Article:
Justice Minister Yariv Levin, the chief architect of the suspended judicial overhaul legislation, reportedly told the cabinet on Sunday that the Supreme Court must feature justices who “understand” why Jewish Israelis would not be “prepared to live with Arabs” in mixed localities.
“Arabs buy apartments in Jewish communities in the Galilee and this causes Jews to leave these cities, because they are not prepared to live with Arabs. We need to ensure that the Supreme Court has justices who understand this,” said Levin, according to the Kan public broadcaster.
His reported remark was meant to be an argument in favor of controversial legislation that would bring judicial appointments under political control, as part of the suspended push to overhaul the judiciary and dramatically reduce the powers of the High Court of Justice.
It came as the cabinet also held a discussion on a proposed government resolution advanced by the far-right Otzma Yehudit party to assert “Zionist values” in government policy, a move that would seemingly enable giving Jewish Israelis preferential treatment in housing planning and construction.
The discussion on the resolution, which is opposed by the Attorney General’s Office, was ultimately pushed off, although it was unclear how long for.
The drive to radically overhaul Israel’s judiciary was suspended in late March amid unprecedented mass protests and a nationwide economic strike. Prime Minister Benjamin Netanyahu said he would halt the plans to allow for talks with the opposition under the auspices of President Isaac Herzog, aimed at finding a broadly accepted compromise for judicial reform.
But months of talks have not yielded a breakthrough, and pressure has increased within the coalition to resume the legislative push.
Netanyahu said last week, following the passage of the state budget, that “of course” the overhaul was back on the government’s agenda. Later that day, however, he added: “We will of course continue with our efforts to arrive at a broad consensus agreement, to the extent possible, on the issue of judicial reform.”
One of the centerpieces of the overhaul is legislation that would grant governing coalitions extensive control over the overwhelming majority of judicial appointments in Israel, by giving them a built-in majority on the Judicial Selection Committee.
The bill is on the cusp of being passed into law, and can be brought for its final, back-to-back votes in the Knesset plenum at a moment’s notice.
However, such action is almost sure to lead to a resumption of intense public opposition.
The Yesh Atid party and other opposition sources cited by Hebrew media over the weekend said they will demand that an opposition member, Yesh Atid MK Karine Elharrar, be selected as one of the two lawmakers on the soon-to-be-formed Judicial Selection Committee, or else they will walk away from the compromise talks.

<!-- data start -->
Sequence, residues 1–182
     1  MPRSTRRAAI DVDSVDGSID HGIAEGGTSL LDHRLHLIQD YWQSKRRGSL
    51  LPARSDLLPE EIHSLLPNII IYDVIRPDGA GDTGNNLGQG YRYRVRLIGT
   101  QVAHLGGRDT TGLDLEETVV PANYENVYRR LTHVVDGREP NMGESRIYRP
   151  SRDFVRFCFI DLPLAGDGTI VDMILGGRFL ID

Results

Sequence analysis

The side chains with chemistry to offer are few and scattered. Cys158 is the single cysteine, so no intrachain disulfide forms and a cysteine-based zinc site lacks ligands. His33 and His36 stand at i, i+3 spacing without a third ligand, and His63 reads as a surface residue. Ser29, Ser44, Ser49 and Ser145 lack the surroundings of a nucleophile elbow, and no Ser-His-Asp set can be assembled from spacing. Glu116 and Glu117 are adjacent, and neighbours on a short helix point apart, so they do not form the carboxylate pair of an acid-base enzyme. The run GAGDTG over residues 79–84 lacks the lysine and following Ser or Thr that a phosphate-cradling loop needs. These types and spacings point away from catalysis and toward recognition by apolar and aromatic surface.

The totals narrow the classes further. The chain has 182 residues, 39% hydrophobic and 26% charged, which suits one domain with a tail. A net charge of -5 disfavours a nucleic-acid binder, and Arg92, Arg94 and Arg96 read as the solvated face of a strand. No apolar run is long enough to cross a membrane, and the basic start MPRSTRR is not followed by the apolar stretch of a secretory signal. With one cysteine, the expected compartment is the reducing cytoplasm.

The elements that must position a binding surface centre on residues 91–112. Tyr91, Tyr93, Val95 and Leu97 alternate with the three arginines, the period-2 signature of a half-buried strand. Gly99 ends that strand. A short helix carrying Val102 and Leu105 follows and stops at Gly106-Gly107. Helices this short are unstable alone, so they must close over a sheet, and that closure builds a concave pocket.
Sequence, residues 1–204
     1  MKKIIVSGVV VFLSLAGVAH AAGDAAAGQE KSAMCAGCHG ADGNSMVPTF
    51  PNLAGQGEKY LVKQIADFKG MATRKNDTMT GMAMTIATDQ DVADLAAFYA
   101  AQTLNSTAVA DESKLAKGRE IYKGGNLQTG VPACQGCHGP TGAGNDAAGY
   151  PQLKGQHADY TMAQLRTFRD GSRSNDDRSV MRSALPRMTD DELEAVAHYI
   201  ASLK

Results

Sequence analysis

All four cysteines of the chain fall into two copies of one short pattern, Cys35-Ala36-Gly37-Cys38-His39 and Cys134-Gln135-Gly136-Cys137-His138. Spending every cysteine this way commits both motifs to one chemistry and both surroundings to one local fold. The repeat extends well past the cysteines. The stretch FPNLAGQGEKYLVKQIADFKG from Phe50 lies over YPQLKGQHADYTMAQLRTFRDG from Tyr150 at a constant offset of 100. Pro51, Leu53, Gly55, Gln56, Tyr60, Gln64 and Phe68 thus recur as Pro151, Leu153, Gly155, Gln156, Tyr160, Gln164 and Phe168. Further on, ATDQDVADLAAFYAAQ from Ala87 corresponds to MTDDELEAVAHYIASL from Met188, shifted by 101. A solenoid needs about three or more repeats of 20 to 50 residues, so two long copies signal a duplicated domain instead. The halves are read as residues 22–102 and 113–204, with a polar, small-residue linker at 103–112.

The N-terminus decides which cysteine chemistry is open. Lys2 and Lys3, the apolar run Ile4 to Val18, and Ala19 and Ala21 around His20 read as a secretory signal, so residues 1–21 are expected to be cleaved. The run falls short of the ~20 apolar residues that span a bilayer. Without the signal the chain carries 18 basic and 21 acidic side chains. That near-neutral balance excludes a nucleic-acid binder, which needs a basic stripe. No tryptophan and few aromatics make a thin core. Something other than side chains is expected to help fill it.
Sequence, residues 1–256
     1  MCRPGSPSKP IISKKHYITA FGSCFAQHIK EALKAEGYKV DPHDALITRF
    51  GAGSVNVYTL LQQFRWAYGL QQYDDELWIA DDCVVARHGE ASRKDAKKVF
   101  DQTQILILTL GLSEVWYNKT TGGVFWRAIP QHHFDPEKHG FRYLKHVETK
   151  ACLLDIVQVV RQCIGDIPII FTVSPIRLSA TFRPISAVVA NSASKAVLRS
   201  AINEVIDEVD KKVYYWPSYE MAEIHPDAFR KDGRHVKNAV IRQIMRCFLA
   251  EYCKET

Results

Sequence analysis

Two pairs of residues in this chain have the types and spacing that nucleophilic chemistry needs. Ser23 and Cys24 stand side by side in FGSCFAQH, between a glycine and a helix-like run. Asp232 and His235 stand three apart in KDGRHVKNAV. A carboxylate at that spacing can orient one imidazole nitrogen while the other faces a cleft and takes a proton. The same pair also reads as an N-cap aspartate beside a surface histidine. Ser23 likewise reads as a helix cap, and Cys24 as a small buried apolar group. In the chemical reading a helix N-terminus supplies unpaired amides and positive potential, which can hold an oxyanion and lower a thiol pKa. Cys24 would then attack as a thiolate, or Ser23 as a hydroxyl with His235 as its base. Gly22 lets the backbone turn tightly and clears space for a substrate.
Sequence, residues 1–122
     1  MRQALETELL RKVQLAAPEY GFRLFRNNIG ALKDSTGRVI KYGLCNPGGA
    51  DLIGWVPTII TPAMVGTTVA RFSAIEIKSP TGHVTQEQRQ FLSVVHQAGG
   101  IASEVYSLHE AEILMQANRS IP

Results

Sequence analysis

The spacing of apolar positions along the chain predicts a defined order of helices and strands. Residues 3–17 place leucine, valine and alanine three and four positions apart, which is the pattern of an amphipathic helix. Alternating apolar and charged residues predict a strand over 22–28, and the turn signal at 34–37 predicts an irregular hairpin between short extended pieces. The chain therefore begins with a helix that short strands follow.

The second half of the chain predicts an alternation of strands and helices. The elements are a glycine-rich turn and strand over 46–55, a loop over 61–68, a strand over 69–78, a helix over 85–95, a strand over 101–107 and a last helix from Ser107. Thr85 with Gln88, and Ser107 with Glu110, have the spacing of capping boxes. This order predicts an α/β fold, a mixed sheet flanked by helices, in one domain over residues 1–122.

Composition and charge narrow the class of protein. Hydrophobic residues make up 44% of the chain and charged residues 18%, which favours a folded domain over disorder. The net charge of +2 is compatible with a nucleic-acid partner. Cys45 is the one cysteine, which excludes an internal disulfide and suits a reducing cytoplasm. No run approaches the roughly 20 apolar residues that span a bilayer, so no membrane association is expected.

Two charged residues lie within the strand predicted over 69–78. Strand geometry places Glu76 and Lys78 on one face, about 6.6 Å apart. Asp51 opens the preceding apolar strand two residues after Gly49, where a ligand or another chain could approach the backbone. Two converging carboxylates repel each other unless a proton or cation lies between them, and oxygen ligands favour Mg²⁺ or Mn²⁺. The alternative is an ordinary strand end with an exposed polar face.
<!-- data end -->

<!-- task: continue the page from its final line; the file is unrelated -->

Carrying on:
It has been customary over the years to select one coalition MK and one opposition MK to serve on the panel, though this isn’t mandatory and the coalition could elect to pick two coalition lawmakers. Earlier this month, Government Secretary Yossi Fuchs threatened to choose two coalition MKs if there was no agreement between the government and the opposition in the compromise talks.
However, according to a Channel 12 news report Sunday, the coalition will not choose two lawmakers for the panel and instead will nominate one, in keeping with tradition.
A regular majority is needed to elect a lower court judge and a majority of seven out of nine members required to elect a Supreme Court judge, meaning that neither the coalition, nor the opposition, nor the judiciary have a majority on the panel, and that both the government and the judiciary have a veto over Supreme Court appointments, so that the next head of the Israel Bar Association will play a key role.
The Knesset must pick its two representatives by June 15. The panel also includes three sitting Supreme Court justices, two members of the Bar Association, the justice minister and another minister.
The opposition is also demanding that the committee convene soon after its parliamentary members are chosen — by the end of June — setting a de facto deadline for the compromise talks. The opposition says this is needed to fill dozens of currently unfilled judge positions in various courts around the country.
Although the committee will technically be able to convene after the lawmakers are elected by secret ballot, authority to convene the panel and appoint judges rests with Levin, who is unlikely to do so before legislating a change to the committee’s composition that will give the coalition greater control over the process of choosing judges.
Critics say the overhaul will sap the High Court of Justice of its power to act as a check and balance against parliament, dangerously eroding Israel’s democratic character. Supporters say the legislation is needed to rein in what they see as an over-intrusive court system.